Celebrating with fireworks is a central part of summer celebrations for lots of people. Professional events put on impressive displays, but sometimes you want to have your own show with friends and family, without fighting the crowds and traffic that often come with public events.
Fireworks can be dangerous, though. Even sparklers—which parents often allow children to hold—can reach 1,800 degrees F. That’s hot enough to start a fire or melt glass or aluminum. And it’s not just the heat that’s dangerous. The chemicals that ignite in sparklers can cause burns. Sparklers injure 3,500 people in the U. S. every year.
Lourdes Castanon, MD, a burn care specialist with Banner – University Medical Center Tucson, said that eight to nine people die every year from misuse of fireworks, and in 2020 there were 15,600 people who were hospitalized due to fireworks-related injuries. Burns are the most common injury, followed by loss of a body part. “Most of these injuries occur around the 4th of July,” Dr. Castanon said. It’s important to know that you can be held legally and financially responsible for injuries caused by using fireworks.
“Ideally, fireworks should be handled by the experts,” Dr. Castanon said. But if you decide to celebrate with fireworks, you can take steps to keep yourself and the people with you safer.
Here are ways to use fireworks more safely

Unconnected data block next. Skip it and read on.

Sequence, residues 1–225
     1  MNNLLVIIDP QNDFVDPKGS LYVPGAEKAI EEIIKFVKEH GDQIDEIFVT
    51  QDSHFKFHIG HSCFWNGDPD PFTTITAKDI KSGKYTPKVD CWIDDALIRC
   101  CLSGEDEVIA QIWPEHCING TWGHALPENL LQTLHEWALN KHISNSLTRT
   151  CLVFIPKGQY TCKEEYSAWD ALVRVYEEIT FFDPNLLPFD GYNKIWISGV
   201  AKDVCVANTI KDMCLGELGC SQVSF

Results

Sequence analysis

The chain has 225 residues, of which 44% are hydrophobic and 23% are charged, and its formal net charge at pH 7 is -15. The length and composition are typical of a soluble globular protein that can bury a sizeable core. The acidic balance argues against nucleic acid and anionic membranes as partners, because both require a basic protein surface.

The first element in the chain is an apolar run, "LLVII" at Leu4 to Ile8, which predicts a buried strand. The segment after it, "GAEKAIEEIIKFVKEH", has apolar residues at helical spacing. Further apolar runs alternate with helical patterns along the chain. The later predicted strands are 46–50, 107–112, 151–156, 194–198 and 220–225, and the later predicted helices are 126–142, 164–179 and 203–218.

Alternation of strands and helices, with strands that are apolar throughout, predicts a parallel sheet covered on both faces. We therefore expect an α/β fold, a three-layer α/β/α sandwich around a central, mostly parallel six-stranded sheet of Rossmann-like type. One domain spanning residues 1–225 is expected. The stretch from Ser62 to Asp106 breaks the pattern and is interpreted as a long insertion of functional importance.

- Buy fireworks from a licensed dealer and follow local and state laws.
- Before you use your fireworks, store them in a cool, dry space. Keep them out of the reach of children and away from hot objects that may ignite them.
- Never light fireworks indoors.
- Have a designated adult who stays sober and lights the fireworks. Don’t mix alcohol or drugs with fireworks.
- Wear safety glasses or goggles if you are lighting the fireworks or are close by.
- Make sure adults supervise children around fireworks.
- Read the instructions and all safety and warning labels.
- Have a designated area where you light the fireworks. This should be a clear, open area away from buildings, vehicles, obstructions, dry leaves, grass and shrubbery.
- Light fireworks on a hard, even surface. Point fireworks away from buildings, brush and other flammable materials, and keep a water supply handy.
- Wet the surface where you will light the fireworks in case they spark but don’t deploy.
- Don’t put your head or any part of your body over the top of any fireworks.
- Don’t look into a tube or any fireworks device to check on the fireworks.
- Don’t hold a lighted firework in your hand.
- Light fireworks with the wind blowing away from the spectators. If the wind shifts, rearrange your lighting site to accommodate the change or stop until the wind subsides. Don’t light any fireworks during strong winds.
- Keep spectators at least 35 feet away from ground-based fireworks (including fountains) and 150 feet from aerial fireworks.
- Do not ignite multiple fireworks at the same time. Lighting too many simultaneously can lead to a fire or an explosion.
Here’s what to do if someone gets burned
If something goes wrong when you’re using fireworks and a burn occurs, here’s how to treat it:
- Put cool (not cold) water on the burn to stop the burning process.
- Remove all clothing and jewelry from the injured area.
- Cover the area with a clean, dry sheet of loose bandages.
- Seek medical attention.
The bottom line
You might not feel like your summer celebrations are complete without a fireworks display. While it may be better to leave fireworks to the pros, following safety tips can help keep your home displays less dangerous. If you would like to connect with a health care professional to learn more about staying safe, reach out to Banner Health.